The Night Beat is following the California earthquake, a 5.0 on the Richter scale, but there's no significant damage to report. And even though I'm putting my best veepstake-search FAA-database-sleuthing skills to the test, I have not been able to figure out where LeBron is traveling for "The Decision." BTW: Rachel Maddow's firing an AK-47 tonight with Task Force-trained Afghan National Army commandos was a visual treat. And the U.S. and Russia's negotiations on a spy swap is a sign of healthy relations between the two countries. Meanwhile ...
MINI v. MAJOR: Osama Bin Laden's chef has pleaded guilty at Gitmo to providing material support
to Al Qaeda and conspiring to commit terrorism. His sentence will be determined at a hearing in August, per the DoD. That's a minor step. One major step that's been overlooked: the just-off-the-presses decision by Germany to take two Gitmo detainees. Meanwhile, Attorney General Eric Holder, who no doubt has a lot to say about Gitmo, will appear on Sunday's Face the Nation.
ANGRY TEACHERS: Just in case the tension between President Obama and the teachers' unions wasn't acute enough, the American Federation of Teachers' public affairs staff e-mailed political reporters tonight to point out that the union had invited President Obama and Vice President Biden to speak at its annual convention in Seattle, and that both declined. (Both will be out West tomorrow; Obama in Las Vegas, raising money for Harry Reid, and Biden raising money in Oregon.) Meanwhile, the government "tested over 45,000 teachers last year to determine whether or not they met the new standards to receive higher pay. Over 90 percent passed," according to a U.S. official. Oh, sorry, that's Afghanistan's ministry of education, and the U.S. official in question is Lieutenant General David Rodriguez. But if it's good for the goose ... Tomorrow, I'll have more on why the unions are mad at the White House. (Update: an AFT spokesperson denies any hostile intent with the release of the information about Biden and Obama. "We sent out the release to correct the record of Sam Dillon's article in the NYT a couple of days ago, and a few other articles since then, that left the impression we didn't invite the Obama Administration to our convention."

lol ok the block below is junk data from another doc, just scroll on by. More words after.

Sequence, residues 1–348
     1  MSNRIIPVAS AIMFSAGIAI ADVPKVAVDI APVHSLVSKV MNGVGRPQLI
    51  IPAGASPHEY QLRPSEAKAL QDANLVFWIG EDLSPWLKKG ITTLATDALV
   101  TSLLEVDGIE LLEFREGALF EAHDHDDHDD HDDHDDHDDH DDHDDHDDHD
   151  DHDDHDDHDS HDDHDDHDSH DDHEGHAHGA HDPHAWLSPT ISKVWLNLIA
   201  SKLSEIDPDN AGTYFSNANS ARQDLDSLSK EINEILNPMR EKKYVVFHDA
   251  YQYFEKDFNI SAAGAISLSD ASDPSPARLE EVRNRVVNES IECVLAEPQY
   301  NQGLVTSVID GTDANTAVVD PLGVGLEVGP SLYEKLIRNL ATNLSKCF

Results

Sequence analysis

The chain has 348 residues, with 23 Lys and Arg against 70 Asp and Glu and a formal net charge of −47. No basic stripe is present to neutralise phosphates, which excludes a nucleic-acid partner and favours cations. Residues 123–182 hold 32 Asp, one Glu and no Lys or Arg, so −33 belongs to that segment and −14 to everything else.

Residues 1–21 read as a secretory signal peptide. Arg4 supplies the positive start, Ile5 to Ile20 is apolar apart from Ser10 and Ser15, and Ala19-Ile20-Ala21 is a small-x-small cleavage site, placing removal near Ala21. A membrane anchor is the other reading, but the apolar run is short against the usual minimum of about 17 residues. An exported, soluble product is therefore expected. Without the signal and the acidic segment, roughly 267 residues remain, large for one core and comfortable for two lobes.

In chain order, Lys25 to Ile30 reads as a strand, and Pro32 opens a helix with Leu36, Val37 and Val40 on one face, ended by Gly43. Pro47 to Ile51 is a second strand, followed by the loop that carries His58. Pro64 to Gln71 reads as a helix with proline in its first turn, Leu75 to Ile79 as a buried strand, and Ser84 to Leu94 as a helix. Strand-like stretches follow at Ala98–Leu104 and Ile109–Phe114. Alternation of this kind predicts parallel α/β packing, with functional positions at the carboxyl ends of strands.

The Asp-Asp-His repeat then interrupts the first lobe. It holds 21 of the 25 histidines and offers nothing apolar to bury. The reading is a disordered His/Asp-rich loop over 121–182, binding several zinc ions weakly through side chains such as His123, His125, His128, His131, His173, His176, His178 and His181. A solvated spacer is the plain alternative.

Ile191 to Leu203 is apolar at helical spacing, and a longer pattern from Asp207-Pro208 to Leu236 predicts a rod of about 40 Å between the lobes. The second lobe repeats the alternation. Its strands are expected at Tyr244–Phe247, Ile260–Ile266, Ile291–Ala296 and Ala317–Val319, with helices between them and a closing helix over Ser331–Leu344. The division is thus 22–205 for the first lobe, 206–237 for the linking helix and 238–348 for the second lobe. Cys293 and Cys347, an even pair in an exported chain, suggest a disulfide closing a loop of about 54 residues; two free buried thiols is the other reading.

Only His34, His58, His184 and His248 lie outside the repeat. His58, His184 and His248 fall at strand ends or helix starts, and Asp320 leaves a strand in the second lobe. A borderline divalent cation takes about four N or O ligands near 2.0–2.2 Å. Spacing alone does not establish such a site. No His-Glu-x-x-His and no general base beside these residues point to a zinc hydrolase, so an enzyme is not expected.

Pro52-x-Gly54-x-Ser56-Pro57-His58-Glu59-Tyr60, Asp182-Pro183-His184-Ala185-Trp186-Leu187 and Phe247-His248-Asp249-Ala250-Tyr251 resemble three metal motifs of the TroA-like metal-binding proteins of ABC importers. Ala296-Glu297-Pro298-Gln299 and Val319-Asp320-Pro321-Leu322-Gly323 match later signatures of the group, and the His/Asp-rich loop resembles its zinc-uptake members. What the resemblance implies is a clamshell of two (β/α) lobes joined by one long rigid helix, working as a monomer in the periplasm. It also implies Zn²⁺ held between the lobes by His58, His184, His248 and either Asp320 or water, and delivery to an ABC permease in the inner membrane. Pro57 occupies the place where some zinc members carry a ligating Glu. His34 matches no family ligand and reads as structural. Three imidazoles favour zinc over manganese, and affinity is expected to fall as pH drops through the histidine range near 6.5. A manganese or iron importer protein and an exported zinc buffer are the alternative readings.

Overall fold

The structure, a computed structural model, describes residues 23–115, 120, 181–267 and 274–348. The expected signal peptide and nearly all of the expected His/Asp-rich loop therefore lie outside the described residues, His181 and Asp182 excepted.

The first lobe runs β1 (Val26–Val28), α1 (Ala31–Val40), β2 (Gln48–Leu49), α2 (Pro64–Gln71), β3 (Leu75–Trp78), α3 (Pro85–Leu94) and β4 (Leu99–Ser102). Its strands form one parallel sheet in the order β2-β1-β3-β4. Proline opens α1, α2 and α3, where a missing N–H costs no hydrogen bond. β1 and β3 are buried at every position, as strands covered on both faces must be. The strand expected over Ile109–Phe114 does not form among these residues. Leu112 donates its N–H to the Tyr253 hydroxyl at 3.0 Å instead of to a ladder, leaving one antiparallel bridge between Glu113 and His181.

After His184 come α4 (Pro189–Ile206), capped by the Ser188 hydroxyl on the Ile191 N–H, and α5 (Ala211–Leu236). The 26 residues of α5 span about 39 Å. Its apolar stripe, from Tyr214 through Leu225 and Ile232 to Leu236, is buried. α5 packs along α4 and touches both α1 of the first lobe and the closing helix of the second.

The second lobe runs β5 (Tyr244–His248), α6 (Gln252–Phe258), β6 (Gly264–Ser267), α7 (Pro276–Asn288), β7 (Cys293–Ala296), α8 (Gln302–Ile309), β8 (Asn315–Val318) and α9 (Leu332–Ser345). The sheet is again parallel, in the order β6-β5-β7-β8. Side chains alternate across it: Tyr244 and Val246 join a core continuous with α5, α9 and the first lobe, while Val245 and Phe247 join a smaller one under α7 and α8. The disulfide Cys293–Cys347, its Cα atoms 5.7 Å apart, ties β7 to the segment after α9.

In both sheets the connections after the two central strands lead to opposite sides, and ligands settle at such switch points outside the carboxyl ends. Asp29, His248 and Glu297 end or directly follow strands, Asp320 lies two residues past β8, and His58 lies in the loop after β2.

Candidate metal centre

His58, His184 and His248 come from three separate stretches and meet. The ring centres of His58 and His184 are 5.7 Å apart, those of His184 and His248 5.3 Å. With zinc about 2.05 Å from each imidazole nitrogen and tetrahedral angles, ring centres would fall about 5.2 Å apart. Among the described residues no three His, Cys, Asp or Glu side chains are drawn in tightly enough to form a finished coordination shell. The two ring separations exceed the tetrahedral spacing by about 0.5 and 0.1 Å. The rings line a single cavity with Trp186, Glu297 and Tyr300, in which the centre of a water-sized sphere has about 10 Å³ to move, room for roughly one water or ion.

FOOD FIGHT: The Atlantic's Food Channel is following a HUGE story that seems to signal a major shift in the willingness of the government to regulate how foods are marketed to children. Both the FTC and the FDA have reportedly signed off on tough new standards to regulate junk food marketing to kids aged 2 to 17. The USDA has not, leading to speculation that the food industry is successfully lobbying the agency. Colleague Dan Fromson notes that the FTC appears to be taking the lead on this, in part because it hasn't been too active in the past on this topic and because it traditionally concerns itself with advertising rather than nutrition, the domain of the FDA. The tough new standards might have been foreshadowed by the FTC's scolding of Kellogg last month. Foods cannot be marketed to kids that have more than
Saturated Fat: 1 g or less per RACC* and not more than 15% of calories;RACC means "regular amount conventionally consumed."
Trans Fat: 0 g per RACC* (<0.5 g)
Sugar: No more than 13 g of added sugars per RACC*
Sodium: No more than 200 mg per portion
ONE TOUGH NERD: From Brian Goldsmith: That's not a slogan often seen in political ads. But former Gateway Computer President Rick Snyder uses it to compare himself to Bill Gates and Steve Jobs in his largely self-funded campaign for the Michigan GOP gubernatorial nomination. You may recognize the announcer's voice; after all, the ads are produced by Fred Davis, the same quirky-like-a-fox GOP media man who did Demon Sheep and Paris and Britney.
SPENDING PARITY: For the first election cycle in a long while, both parties will have roughly the same amount of money to put into a finite series of races -- an amount that will be less than the previous midterm cycle. The Republican National Committee's money woes are well-known; the Democratic National Committee has only slightly more cash on hand. Normally, the party that is playing offense would spend money to expand the playing field, while the party playing defense would pay to defend it. The Republicans want to expand the House battlefield, figuring that each dollar spent on a House race is a better bang for the buck. But there are -- potentially -- more than a dozen competitive Senate races this year, and the Republicans will have to hope that they make some of them competitive enough to force Democrats to spend precious federal dollars on defense. Case in point: the key number in California is $4.7 million. That's what the Democrats can spend on coordinated activities with Barbara Boxer's campaign. Boxer expects to get this $4.7 million in a race that, despite the tough environment, she should win. Bottom line: party spending decisions will mean more this year.